After the BodyGossip Flashmob event on Friday, undoubtedly many pictures were posted on various social networking sites after the event, as you have seen. A few comments on a recent picture, however got me thinking and urged me to write this blog post.
On one of the pictures uploaded, three people proceeded to comment on a picture of my good friend and I, exclaiming what can only be described weight focused comments about my friend 'you look so tiny', 'you look like you've lost weight' and the worst being 'don't make me go over there and feed you a burger'. Barely anybody decided to comment on what we actually HAD done, dedicate our day to appreciating our bodies and trying to encourage others to do the same. And these comments just prove that no matter what we do, people are still obsessed about weight and what size people are.
My friend is anorexic. I am a former anorexic. All people commenting on the picture knew of my friends anorexia. Does this give them the right to use the opportunity to comment on her weight? Of course not. Just because they knew of her eating disorder it does not give them right to outright the fact they thought she'd lost weight publicly on a Facebook comment. Surely they would have the decency to understand that just 'eating a burger' does not cure your eating disorder. Would the same people have said the same thing we were overweight? Of course not. Because that would be wrong.
Some would argue the comments were out of compassion. If any of these people showed an inch of compassion they'd take the time to phone or e-mail or message my friend to see how she was and declare their concerns, a few of these people don't even know my friend and I well enough to even state the concerns in the way that she did. We know each other through our eating disorders. And that's all. There's no compassion there, it's one person refusing to see beyond an exterior, once more.
Plus, my friend knows she is anorexic. I know she doesn't want to be like this, she knows she doesn't want to be like this. If anyone knew her as well as I do they'd know that she fights this beast of an illness every single day and wants to recover. Why not recognise that she's done an amazing thing by attending an event promoting body confidence and banishing body shame rather than doing the complete opposite and encouraging her to feel worse about herself. My friend is not a number. She isn't defined by what she looks like, or her weight. She's a human being fighting an illness.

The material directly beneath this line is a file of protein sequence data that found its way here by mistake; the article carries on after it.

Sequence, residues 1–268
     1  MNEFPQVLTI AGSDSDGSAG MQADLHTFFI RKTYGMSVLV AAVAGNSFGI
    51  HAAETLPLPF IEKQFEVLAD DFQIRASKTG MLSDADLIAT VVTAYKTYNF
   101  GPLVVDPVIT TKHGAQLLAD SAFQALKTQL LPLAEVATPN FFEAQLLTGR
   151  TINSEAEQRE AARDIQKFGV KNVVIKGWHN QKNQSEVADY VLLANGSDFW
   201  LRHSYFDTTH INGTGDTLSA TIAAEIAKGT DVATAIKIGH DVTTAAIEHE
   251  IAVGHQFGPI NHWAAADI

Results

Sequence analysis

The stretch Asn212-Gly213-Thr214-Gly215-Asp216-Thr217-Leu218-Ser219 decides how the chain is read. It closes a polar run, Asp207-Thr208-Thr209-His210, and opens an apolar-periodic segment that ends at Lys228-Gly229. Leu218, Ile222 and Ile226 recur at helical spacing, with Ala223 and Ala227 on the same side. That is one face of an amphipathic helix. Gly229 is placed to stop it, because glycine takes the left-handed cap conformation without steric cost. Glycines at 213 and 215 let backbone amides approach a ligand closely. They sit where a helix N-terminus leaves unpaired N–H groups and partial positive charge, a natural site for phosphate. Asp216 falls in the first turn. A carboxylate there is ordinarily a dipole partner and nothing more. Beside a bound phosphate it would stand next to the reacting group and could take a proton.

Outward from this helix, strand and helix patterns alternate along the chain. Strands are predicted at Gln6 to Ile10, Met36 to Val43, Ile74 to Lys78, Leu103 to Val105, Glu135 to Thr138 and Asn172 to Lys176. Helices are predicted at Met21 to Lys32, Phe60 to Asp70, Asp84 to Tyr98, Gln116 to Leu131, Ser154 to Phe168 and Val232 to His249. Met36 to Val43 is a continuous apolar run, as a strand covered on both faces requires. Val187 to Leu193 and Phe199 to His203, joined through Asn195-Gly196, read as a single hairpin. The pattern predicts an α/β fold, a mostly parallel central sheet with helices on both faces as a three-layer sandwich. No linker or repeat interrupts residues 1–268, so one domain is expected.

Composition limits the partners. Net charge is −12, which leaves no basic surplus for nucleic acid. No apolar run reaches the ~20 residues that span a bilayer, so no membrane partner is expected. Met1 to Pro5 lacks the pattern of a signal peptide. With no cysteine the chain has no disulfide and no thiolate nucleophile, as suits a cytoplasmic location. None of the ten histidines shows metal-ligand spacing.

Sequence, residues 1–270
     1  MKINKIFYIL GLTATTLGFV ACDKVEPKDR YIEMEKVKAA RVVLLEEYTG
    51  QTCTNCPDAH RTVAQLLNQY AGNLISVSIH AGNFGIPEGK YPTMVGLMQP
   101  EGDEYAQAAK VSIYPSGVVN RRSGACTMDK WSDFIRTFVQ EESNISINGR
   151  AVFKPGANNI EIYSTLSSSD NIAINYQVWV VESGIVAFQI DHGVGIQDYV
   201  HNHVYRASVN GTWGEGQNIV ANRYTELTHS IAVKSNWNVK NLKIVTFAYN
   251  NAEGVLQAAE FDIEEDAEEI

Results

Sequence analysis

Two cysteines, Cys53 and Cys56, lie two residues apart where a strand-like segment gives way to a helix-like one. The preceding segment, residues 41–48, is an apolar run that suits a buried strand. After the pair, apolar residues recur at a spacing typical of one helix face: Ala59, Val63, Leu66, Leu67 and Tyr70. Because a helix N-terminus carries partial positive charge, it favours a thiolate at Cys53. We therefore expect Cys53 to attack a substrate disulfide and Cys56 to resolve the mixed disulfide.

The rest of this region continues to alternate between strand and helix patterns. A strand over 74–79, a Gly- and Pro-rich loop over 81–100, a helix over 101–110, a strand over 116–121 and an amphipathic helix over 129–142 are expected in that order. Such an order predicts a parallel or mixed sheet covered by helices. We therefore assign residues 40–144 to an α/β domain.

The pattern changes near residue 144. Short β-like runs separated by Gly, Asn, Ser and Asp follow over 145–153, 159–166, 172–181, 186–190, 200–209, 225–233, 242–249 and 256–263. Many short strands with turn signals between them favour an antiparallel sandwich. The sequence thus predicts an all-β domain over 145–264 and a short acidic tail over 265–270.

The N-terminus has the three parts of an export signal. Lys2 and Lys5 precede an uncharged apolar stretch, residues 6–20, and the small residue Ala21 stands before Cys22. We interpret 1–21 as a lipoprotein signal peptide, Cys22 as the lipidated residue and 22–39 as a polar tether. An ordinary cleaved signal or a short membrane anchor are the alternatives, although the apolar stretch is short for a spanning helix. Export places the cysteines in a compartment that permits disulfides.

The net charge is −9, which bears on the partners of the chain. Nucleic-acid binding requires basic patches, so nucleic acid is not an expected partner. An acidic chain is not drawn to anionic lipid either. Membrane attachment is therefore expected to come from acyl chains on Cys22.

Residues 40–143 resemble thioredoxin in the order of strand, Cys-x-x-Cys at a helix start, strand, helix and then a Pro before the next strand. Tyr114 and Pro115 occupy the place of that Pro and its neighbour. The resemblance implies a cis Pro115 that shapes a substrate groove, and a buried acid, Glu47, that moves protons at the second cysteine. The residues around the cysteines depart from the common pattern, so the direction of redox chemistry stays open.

I too, used to get similar comments when I was younger. I'm one of those people who people think it's acceptable to attempt to grab my stomach and say 'but there's nothing there'! (drives me mad, don't ever do it) In the last year working where I currently work I used to get so many comments on my weight from management and other members of staff and what I was eating - would they have said the same thing if I was overweight? 'Go and eat a burger'. Of course not.
It's really made me realise how as a society people are STILL so pre-occupied with weight and what people look like. It makes me even more determined to work with BodyGossip to banish fat AND skinny shaming and just see a body for what it is. It's flaws and imperfections. Eating disorder or no eating disorder. These people you're criticising have lives, too. They have feelings. Calling someone painfully thin is as bad as calling someone fat. I want people to look at pictures of me and recognise me for what I've done and for what the pictures stand for, for example the BodyGossip event, rather then be pre-occupied with what I look like, or whether I have gained weight (which I have, but who cares, I've recovered from an eating disorder!), or what my make-up/hair/clothes look like. I want pictures to stand and symbolise memories for me, not to remind myself of comments from others and what they thought I looked like.
It's the reason why I don't buy magazines anymore. There's far too much preoccupation with whether so and so has lost weight or whether the next celebrity has been spotted at the gym as opposed to talent and success. That makes me quite sad, really. In my eyes, people looked at the picture of me and my friend and saw my friend for her illness and not for her as a person, what she stands for, which are so many inspiring and amazing things I can't even count. I'm not friends with her because she has an eating disorder. I'm friends with her because she inspires me and she makes me happy. I've probably repeated this idea a lot already, but why can we not see past how people look anymore? I'm all for being happy, thanks.
Other peoples bodies are technically none of your business. We're all beautiful, and we're all different, and that makes us beautiful. So enough with the shaming, okay? Because that is what will make you ugly.
I'd be really interested to hear your thoughts on this topic in the comments below!